Trinity Western University, an evangelical tertiary institution in British Columbia, has lost two cases it had brought protesting the decision of two Canadian Provincial Law Societies to not authorise graduates of their proposed Law School as able to practice in the Provinces. The reason for the denial of accreditation was that TWU requires students and staff to agree to a Community Covenant Agreement, which undertakes (among other things) that they will not engage while studying or working at TWU in “sexual intimacy that violates the sacredness of marriage between a man and a woman”. The Supreme Court of Canada, in two linked cases, has now held by a 7-2 majority that the Law Societies were justified in their refusal to accredit the TWU Law program, on the basis that any interference with religious freedom was minor, and that the Societies were entitled to take the view that the Covenant requirement imposed “harm” on LGBTQ law students. I disagree with both those conclusions, and believe that the dissenting judgment of Côté and Brown JJ is a far better analysis of the situation.
Trinity Western University
Support for Religious Freedom in British Columbia
A society that does not admit of and accommodate differences cannot be a free and democratic society — one in which its citizens are free to think, to disagree, to debate and to challenge the accepted view without fear of reprisal. This case demonstrates that a well-intentioned majority acting in the name of tolerance and liberalism, can, if unchecked, impose its views on the minority in a manner that is in itself intolerant and illiberal- at .
The latest decision in the long-running Trinity Western University law school saga, from the Court of Appeal for British Columbia, is an encouraging development for religious freedom in Canada. In Trinity Western University v. The Law Society of British Columbia,
2016 BCCA 423 (1 Nov 2016) the Court of Appeal held that the decision of the Law Society of British Columbia to refuse accreditation to practice law in the Province, to graduates of a new proposed TWU law school, was unlawful. That decision had been based on the “Community Covenant” required of all students at the confessionally evangelical TWU, to (among other things) “abstain from… sexual intimacy that violates the sacredness of marriage between a man and a woman”. The Court held that the Law Society had failed to give proper consideration to the impact on the religious freedom of TWU students and graduates in making its decision.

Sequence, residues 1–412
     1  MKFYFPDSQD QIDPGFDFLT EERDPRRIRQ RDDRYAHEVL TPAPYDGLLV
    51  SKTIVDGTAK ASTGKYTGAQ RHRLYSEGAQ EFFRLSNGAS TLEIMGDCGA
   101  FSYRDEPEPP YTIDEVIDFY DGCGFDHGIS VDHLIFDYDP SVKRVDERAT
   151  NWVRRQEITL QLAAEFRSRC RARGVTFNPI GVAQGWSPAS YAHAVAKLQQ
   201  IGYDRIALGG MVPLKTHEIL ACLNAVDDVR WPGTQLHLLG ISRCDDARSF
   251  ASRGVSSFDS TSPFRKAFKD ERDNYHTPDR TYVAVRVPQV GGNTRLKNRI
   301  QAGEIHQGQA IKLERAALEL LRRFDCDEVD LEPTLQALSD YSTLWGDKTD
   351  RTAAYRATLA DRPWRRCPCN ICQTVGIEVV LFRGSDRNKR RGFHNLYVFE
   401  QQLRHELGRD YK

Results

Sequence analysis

Religious Freedom victory in Nova Scotia
Contrary to my normal practice on this blog, I would like to provide two short comments on breaking developments, rather than one long comment. This first one concerns an encouraging development in the story of the long fight of a Christian University in Canada to offer law degrees. The second, which will be in a separate post, notes an important recent decision on “religious vilification” in the Australian State of Victoria.
First: in Canada, Trinity Western University is a confessional Christian University in British Columbia, which has for some time been in a debate with Law Societies in Canada over whether its new Law program will be recognised for the purposes of admission to practice in the various Canadian Provinces.
Sexual orthodoxy and admitting lawyers
The decision of the Ontario Court of Appeal in Trinity Western University v. The Law Society of Upper Canada, 2016 ONCA 518 (29 June 2016) is an interesting illustration of the strength of the current orthodoxy in society on sexual behaviour, and how those who dissent are increasingly being cast in the role of “heretics” and unfit for civilised society. (While this blog is mostly about Australian issues, those raised by this case are likely to be replicated here and elsewhere in the West, so I think it is worthy of note.)
Update- Religious Freedom and a Canadian Law School
In a previous post I noted the ongoing controversy over whether Trinity Western University, in British Columbia, Canada, can train lawyers who will be able to practice in Canada. TWU as a Christian University requires its students to agree to comply with a Code of Conduct, part of which bans all sexual intimacy outside the traditional marriage between a man and woman. TWU’s Law program has actually been approved by the Canadian national accrediting body, the Federation of Canadian Law Societies. But as noted previously, a number of individual Provincial Law Societies have now indicated that, due to the Covenant being viewed as discrimination against persons on the basis of their sexual orientation, TWU graduates will not be admitted to practice law in those Provinces.